FINAL BILL REPORT
This analysis was prepared by non-partisan legislative staff for the use of legislative members in their deliberations. This analysis is not a part of the legislation nor does it constitute a statement of legislative intent.
C 27 L 20
Synopsis as Enacted
Brief Description: Concerning commercial property assessed clean energy and resilience.
Sponsors: House Committee on Appropriations (originally sponsored by Representatives Duerr, Barkis, Fitzgibbon, Shewmake, Hoff, Kloba, Corry, Gildon, Ybarra, Jenkin, Pollet and Doglio).
House Committee on Local Government
House Committee on Appropriations
Senate Committee on Environment, Energy & Technology
Senate Committee on Ways & Means
Property Assessed Clean Energy Programs.
Property Assessed Clean Energy (PACE) programs provide a financing mechanism to encourage the installation of renewable energy systems and energy efficiency improvements on residential, industrial, or commercial properties. Property Assessed Clean Energy programs exist for both residential properties (commonly referred to as Residential PACE or R-PACE) and commercial properties (commonly referred to as Commercial PACE or C-PACE). Eligible improvements frequently include installation of solar thermal panels, high efficiency air conditioning, and insulation. Both commercial and residential PACE programs allow a property owner to finance the up-front cost of energy or other eligible improvements on a property and then pay the costs back over time through a property assessment.
Special assessments, or benefit assessments, may be imposed on benefitted property to pay for local improvements or to finance their activities and public facilities. Special assessments are not property taxes, but rather special charges created to recover funds to pay for services or improvements that have a particular direct benefit to land and their owners. Unlike property taxes that are based on the assessment value of the property, special assessments are generally determined by an assessment plan that is meant to charge amounts to a parcel of property that reflect the actual benefit the property will receive. These assessments are usually based on a flat fee per parcel, an amount per acre, or a combination of characteristics. Properties may typically be charged in different amounts if it is found that different classes of property benefit in different ways. Special assessments are not subject to the same limitations and procedures that govern property tax levies.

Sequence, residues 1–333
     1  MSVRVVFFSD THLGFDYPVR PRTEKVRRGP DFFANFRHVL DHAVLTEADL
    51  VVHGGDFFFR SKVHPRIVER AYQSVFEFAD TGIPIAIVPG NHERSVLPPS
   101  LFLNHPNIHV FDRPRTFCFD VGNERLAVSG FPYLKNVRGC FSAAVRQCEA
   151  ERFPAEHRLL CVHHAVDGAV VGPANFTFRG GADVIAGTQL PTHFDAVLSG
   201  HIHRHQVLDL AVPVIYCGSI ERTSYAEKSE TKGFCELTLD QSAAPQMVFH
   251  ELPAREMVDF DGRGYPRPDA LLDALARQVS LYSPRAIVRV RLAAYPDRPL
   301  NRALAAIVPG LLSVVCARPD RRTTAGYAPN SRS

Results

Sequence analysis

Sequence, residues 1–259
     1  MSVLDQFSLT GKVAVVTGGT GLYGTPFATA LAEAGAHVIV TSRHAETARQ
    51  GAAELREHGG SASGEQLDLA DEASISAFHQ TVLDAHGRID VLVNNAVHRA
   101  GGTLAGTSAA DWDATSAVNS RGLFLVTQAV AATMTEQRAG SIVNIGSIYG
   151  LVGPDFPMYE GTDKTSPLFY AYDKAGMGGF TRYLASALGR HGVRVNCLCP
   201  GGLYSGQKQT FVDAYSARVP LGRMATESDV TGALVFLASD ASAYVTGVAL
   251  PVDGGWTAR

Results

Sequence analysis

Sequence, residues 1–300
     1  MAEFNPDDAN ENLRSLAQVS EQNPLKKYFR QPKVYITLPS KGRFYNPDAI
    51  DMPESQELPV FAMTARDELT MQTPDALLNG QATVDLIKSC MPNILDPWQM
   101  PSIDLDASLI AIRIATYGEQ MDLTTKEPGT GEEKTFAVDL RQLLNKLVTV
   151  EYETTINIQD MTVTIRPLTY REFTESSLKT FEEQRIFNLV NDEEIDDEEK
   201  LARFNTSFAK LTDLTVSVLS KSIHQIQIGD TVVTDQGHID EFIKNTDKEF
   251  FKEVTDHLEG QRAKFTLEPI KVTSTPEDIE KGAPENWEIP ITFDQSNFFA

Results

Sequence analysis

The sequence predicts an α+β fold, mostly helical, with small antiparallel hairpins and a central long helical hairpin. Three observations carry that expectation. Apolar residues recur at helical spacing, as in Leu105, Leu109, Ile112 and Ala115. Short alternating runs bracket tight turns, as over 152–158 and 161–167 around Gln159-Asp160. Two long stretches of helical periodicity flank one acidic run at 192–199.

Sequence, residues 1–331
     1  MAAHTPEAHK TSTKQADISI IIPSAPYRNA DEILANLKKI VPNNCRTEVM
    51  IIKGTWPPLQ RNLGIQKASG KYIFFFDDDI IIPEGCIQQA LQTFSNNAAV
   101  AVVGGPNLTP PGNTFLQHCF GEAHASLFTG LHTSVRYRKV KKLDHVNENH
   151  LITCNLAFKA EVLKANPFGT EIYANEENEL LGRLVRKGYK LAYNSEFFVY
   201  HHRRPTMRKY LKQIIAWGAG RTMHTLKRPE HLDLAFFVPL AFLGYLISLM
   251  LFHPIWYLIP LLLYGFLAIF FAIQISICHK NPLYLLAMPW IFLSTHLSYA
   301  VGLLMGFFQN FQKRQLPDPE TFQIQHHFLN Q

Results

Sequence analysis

The Department of Commerce (Commerce) may establish a voluntary statewide C-PACER program in which counties may choose to participate. Counties may also establish separate voluntary countywide C-PACER programs. Eligible properties include privately owned commercial, industrial, or agricultural real property or multifamily residential real property with five or more dwelling units.
The program must be managed efficiently and transparently and must establish uniform criteria for which projects qualify due to their public benefit for participation in C-PACER programs, including criteria for measuring or determining if investments in energy will:
reduce greenhouse gas emissions;
be effective for reducing energy;
be appropriate to meet seismic risks;
reduce stormwater or pollution; or
reduce the risk of wildfire, flooding, or other natural or human-caused disaster.
The program must also prepare a program guidebook that must include at minimum:
a sample form bilateral or tri-party agreement or agreements between a county, the property owner, and the capital provider;
a statement that the period of the financing agreement will not exceed the useful life of the qualified project that is the basis for the financing agreement;
a description of the application process and the eligibility requirements for participation in the program;
statement explaining the lender consent requirement;
a statement explaining the review requirement;
a description of marketing and participant education services to be provided for in the program; and
a statement specifying that the county has no liability as a result of the agreement.
A program guidebook need not be completed or adopted prior to accepting and approving applications by a program. The program guidebook must be available for public inspection on the county's or Commerce's website.
A county or Commerce may contract out the responsibilities of program administration to a public, quasi-public, or private third-party entity.
Commerce may provide grants to counties to assist in the design and implementation of C-PACER programs.
A C-PACER program must establish an application and review process to review and evaluate project applications for C-PACER financing and prescribe the form and manner of the application.
Applicants must demonstrate at minimum:
that the project provides a public benefit in the form of energy or water resource conservation, reduced public health risk, or reduced public emergency response risk;